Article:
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WILD HORSES NEAR THE ALBERTA ROCKY'S EASTERN SLOPES
 
(2023 - Spring/Summer Issue)

Writer: CAROL PATTERSON



Dark brown eyes watched us. Deep in the forested wilderness of the eastern slopes of Alberta’s Rocky Mountains, a tiny horse peered around its mother, the foal’s gaze relaxed, oblivious to her mama’s protruding hip and rib bones.

“She’s alive,” exclaimed my guide, Debra Garside, an expert in wild horses and a renowned photographer who leads photography workshops, many for people choosing the upscale comfort at one of Alberta’s finest wilderness offerings known as The Lodge at Panther River. Weeks earlier she’d seen a dark brown mare called Tia give birth, her condition so malnourished, birth was slow and the foal struggled to stand.

Garside tracked her for a time but didn’t expect this wild foal to survive. Her mother was skinny and had a low status among the mares. She needed to stay with the herd for protection from predators but their pace was draining her reserves and her foal was getting weaker. Hence, the reason she was named Joplin, after the doomed singer (names are assigned through a volunteer coordinator). Now the cinnamon-coloured youngster began to nurse greedily.

Inside Track

You don’t need an expert to find wild horses in western Alberta, but it helps. A 2022 survey of Alberta’s wild horses revealed 1,178 animals, most of them found in the eastern slopes of the Rocky Mountains west of Sundre.

The Lodge at Panther River is located near this horse-dense region. Perched above the Panther River, the wilderness resort has a main lodge for meals and coffee. Guests stay in log cabins, log cabin suites or glamp in canvas-wall outfitter tents with wood-burning stoves and private decks. Rarest of all amenities in the backcountry, the lodge also has Wi-Fi!

Spring Renewal

I’d signed up for Garside’s wild horse photography workshop to see newly born foals and stallions fighting for mares. Up before dawn, I checked camera settings, eager to see wildies, as some call the horses. We loaded into an SUV and soon found horses grazing nearby, wary of humans but allowing us to approach quietly.

We snapped a few pics and carried on, spending hours criss-crossing Crown lands in search of descendants of the horses that worked in forestry, mining and farming before turning feral. We found bachelor stallions, and others with herds, mares grazing hungrily on spring grass while their young tumbled across the field to chase other foals, all of them basking in warm sunshine.

Battle for Dominance

Late in the day, I stood watching a herd with Garside, our position a respectable distance away. Until it wasn’t. A horse burst from the bush, her nostrils flared, a new foal pressed close. Up a steep ditch they raced, her foal from last year following, and behind, a stallion chasing his new herd away from the valley.

Garside said it seemed the mare and her offspring had been stolen by a stallion known locally as Tango. The original patriarch, a stallion called Donder, was a distraught, russet-coloured bundle of muscle. He raced across the meadow, snorting and whinnying. He reared at another stallion, seemingly angry at the world.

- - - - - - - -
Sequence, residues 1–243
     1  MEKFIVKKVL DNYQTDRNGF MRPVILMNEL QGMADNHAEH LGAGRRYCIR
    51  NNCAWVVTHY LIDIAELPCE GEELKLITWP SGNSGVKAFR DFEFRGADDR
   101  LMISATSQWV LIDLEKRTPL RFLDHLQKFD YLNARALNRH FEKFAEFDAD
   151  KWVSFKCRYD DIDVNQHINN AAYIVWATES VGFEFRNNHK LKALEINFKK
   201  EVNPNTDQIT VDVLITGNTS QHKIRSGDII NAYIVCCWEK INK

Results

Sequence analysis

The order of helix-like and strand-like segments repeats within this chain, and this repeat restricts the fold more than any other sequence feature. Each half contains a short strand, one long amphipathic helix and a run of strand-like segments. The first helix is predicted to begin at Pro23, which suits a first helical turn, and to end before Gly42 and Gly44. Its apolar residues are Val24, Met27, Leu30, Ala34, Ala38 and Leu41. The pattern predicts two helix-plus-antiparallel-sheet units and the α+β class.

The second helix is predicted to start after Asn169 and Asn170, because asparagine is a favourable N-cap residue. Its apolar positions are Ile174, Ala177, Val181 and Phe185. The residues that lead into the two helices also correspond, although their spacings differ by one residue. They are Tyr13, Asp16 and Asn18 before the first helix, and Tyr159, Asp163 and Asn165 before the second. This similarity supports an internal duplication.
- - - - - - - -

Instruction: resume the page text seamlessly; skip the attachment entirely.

We left knowing Donder, a strong stud, wouldn’t give up. When we returned the next morning, he was grazing peacefully with his herd.

Beating the Odds

I wasn’t sure how long that fight had gone on but life for these creatures is often harsh. There’s little food in winter. The males fight for mares. Humans drive noisy off-road vehicles across the landscape. Logging companies fell trees and oil and gas companies drill wells. Sometimes the horses are hunted when resource managers deem their populations too high. Fortunately, the wildies have advocates (see “A Polarizing Topic”).

As my visit drew to an end, we paused at a gravel pit to observe Tia and Joplin. Garside explained a nearby outfitter had let the pair into a fenced pasture to graze safely and increase their odds of survival. I hadn’t known these critters days earlier but now I cheered for my favourites like fans cheer on Grey Cup contenders. I hoped Tia and Joplin and the other wildies dotting the eastern slopes were victorious in their mountain home.

A Polarizing Topic

Few people are neutral on the topic of wild horses. Some love them, feeling their wildness deserves respect. Others think wild horses have no place in a wilderness environment, claiming they eat vegetation that should go to cattle or other ungulates. In past years, the Alberta government has sanctioned horse culls. To improve feral horse management, the Government of Alberta struck a Feral Horse Advisory Committee in 2021. At the time of writing, no recommendations had been made. Two non-profit organizations, the Wild Horses of Alberta Society and the Help Alberta Wildies Society, advocate for wild horse protection and humane treatment.

Travel Planner

Best routes for finding wild horses:

sundre.com/t/tourism/wild-horses

The Lodge at Panther River pantherriver.com

Wild horse photography workshops

debragarside.com/alberta-wild-horse-photography-workshops

 
 
 
 
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